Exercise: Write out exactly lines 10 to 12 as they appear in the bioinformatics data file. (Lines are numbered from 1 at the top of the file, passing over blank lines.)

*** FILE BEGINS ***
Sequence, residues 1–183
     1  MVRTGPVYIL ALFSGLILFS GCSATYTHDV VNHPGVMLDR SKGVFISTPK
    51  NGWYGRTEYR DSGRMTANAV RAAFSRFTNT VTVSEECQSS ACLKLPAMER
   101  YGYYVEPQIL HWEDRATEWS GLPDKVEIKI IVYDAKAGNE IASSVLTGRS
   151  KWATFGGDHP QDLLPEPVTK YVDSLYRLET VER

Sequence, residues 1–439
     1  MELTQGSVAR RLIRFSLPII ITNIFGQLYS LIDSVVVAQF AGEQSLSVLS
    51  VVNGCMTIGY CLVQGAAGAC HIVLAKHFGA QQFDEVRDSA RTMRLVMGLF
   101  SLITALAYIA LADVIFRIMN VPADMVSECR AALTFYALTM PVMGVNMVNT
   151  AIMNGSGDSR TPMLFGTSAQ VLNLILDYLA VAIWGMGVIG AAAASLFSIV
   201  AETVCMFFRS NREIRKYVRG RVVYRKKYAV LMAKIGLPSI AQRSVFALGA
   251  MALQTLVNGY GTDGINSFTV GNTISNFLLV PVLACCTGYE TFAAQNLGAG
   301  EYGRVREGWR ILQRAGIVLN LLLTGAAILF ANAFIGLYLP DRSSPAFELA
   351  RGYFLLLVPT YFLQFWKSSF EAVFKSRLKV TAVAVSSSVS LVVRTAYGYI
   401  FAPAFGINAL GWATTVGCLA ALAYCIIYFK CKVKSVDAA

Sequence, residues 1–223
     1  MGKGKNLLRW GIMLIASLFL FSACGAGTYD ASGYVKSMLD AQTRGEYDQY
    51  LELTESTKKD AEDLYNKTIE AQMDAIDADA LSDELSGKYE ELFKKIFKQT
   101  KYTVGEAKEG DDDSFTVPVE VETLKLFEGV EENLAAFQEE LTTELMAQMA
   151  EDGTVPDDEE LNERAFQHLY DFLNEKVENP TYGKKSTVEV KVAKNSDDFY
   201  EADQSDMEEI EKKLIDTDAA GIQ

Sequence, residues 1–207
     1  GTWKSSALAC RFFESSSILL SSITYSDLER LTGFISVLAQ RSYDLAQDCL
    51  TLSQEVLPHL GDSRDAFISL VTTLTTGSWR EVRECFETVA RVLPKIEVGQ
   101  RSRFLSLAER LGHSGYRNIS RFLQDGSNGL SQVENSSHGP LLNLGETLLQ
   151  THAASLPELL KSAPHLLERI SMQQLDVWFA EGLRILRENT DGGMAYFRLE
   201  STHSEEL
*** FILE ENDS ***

   151  AIMNGSGDSR TPMLFGTSAQ VLNLILDYLA VAIWGMGVIG AAAASLFSIV
   201  AETVCMFFRS NREIRKYVRG RVVYRKKYAV LMAKIGLPSI AQRSVFALGA
   251  MALQTLVNGY GTDGINSFTV GNTISNFLLV PVLACCTGYE TFAAQNLGAG